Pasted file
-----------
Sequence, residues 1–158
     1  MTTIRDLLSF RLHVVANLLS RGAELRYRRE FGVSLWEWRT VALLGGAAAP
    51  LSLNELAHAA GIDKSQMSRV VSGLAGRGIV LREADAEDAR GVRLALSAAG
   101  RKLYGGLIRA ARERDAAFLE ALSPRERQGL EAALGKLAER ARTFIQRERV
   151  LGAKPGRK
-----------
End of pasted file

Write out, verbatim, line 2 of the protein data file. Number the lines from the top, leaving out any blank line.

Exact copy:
     1  MTTIRDLLSF RLHVVANLLS RGAELRYRRE FGVSLWEWRT VALLGGAAAP